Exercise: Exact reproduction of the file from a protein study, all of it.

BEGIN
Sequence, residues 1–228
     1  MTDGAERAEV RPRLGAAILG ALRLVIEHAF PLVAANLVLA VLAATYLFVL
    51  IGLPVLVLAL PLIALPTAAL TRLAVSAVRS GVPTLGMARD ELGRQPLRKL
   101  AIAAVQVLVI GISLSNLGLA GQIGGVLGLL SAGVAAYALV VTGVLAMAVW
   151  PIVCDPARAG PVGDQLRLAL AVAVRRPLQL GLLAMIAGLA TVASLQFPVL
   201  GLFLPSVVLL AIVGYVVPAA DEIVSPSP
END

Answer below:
Sequence, residues 1–228
     1  MTDGAERAEV RPRLGAAILG ALRLVIEHAF PLVAANLVLA VLAATYLFVL
    51  IGLPVLVLAL PLIALPTAAL TRLAVSAVRS GVPTLGMARD ELGRQPLRKL
   101  AIAAVQVLVI GISLSNLGLA GQIGGVLGLL SAGVAAYALV VTGVLAMAVW
   151  PIVCDPARAG PVGDQLRLAL AVAVRRPLQL GLLAMIAGLA TVASLQFPVL
   201  GLFLPSVVLL AIVGYVVPAA DEIVSPSP